At Lexington and Concord, on April 19, 1775, British troops attempted to destroy munitions stored by American colonists. The battles were the opening salvos of the American Revolution. Shortly, the conflict would erupt in Maine. Read on.
Maine, the most heavily forested state in the nation, had the first continuously operational fire lookout tower, beginning a system of fire prevention that lasted much of the twentieth century. Read on.
A number of Rumford area residents played important roles during the Civil War -- and in the community afterwards. Among these are William King Kimball, who commanded the 12th Maine for much of the war. Read on.
Before the era of recorded music and radio, nearly every community had a band that played at parades and other civic events. Fire departments had bands, military units had bands, theaters had bands. Band music was everywhere. Read on.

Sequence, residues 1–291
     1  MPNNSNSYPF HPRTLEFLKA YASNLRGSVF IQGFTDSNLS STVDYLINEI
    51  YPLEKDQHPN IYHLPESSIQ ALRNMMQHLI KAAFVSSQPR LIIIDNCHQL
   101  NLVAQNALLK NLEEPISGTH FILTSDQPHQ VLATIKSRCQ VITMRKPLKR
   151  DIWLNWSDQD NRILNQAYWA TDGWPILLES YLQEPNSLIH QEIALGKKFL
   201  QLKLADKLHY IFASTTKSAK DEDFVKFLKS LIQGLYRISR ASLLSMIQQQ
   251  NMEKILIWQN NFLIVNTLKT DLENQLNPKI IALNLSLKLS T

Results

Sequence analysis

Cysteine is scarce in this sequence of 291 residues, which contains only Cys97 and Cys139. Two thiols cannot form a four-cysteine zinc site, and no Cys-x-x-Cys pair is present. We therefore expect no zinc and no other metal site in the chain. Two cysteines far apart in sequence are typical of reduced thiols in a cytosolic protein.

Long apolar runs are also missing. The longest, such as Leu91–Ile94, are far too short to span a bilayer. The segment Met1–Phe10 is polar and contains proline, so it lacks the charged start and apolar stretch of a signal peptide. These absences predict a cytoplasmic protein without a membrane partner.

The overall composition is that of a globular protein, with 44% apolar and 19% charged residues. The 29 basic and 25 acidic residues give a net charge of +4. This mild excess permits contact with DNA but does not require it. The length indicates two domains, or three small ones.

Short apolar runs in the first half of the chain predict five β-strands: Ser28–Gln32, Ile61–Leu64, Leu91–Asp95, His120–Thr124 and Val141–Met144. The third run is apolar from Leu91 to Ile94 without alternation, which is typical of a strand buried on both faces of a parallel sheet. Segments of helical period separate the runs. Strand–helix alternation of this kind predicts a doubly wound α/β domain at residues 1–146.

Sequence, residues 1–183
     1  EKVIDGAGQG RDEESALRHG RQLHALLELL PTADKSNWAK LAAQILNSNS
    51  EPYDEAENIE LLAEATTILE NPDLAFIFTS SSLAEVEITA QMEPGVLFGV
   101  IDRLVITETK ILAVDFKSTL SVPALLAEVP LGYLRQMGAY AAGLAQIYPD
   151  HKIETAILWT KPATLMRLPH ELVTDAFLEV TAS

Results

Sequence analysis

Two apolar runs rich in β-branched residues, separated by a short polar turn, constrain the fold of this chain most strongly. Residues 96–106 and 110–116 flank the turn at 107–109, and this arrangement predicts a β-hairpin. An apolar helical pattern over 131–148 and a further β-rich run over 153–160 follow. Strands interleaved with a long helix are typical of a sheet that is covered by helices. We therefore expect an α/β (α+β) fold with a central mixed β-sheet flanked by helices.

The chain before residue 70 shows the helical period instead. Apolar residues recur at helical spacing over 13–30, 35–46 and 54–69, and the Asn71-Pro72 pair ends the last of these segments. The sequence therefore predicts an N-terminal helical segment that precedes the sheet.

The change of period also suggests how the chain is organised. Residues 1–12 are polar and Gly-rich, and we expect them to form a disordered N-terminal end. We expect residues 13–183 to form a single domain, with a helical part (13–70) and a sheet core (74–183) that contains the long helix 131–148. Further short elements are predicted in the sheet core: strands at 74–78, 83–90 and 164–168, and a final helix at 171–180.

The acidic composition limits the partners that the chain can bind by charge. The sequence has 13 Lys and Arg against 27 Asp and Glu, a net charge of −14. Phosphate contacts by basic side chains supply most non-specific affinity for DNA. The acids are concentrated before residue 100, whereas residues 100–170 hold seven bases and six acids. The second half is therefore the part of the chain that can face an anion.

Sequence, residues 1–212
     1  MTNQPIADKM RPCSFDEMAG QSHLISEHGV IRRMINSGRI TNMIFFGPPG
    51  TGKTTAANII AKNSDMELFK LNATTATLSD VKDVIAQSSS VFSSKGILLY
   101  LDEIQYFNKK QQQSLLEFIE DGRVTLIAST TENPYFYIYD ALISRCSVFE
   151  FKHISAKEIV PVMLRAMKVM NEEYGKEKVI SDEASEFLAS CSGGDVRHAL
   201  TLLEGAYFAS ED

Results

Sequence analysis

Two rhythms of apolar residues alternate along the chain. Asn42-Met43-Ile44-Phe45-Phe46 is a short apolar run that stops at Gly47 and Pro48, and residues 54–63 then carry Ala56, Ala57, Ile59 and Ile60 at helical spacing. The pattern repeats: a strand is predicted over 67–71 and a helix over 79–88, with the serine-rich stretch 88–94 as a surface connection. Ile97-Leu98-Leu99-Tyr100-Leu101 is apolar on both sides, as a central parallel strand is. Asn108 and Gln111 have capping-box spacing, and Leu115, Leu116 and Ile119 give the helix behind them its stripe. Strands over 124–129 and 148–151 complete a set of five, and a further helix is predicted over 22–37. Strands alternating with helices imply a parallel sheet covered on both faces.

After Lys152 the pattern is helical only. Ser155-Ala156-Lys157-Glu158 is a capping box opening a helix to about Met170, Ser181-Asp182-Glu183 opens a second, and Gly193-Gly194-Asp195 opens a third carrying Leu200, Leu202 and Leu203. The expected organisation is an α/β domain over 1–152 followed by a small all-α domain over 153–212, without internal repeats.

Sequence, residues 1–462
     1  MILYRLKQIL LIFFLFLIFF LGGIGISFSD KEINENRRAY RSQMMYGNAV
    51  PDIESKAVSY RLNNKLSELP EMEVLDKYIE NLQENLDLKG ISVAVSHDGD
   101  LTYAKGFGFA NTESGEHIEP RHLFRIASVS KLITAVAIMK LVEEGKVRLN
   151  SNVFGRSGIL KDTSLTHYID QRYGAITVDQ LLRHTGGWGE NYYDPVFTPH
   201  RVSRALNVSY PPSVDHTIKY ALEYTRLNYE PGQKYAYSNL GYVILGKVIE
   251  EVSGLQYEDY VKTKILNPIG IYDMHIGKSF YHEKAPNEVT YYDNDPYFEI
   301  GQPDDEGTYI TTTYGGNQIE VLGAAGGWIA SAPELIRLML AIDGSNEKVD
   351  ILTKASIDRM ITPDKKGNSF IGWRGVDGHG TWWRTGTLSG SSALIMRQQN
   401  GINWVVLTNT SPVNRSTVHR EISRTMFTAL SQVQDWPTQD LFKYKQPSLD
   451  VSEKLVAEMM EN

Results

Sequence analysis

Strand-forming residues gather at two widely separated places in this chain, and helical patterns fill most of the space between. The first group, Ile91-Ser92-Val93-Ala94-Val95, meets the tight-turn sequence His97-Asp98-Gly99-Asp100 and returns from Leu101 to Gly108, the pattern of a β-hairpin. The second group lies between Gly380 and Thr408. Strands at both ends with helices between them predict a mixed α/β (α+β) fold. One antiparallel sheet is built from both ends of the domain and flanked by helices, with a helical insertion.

Maine's participation in the Civil War is legendary: heroes and heroines, a huge per capita participation rate, nurses, and homefront activities, as well as post-war remembrances. These pages pull together resources from Maine Memory Network and Maine History Online that explore and illuminate aspects of Maine and the Civil War. Read on.
When Peleg Wadsworth built his house in 1785, what is now Congress Street in Portland was on the rural outskirts of the community known as Falmouth. The house passed on to other family members and Portland changed around what remained a family home until 1901, when it became a historic house museum. Read on.
More Maine Memory Exhibits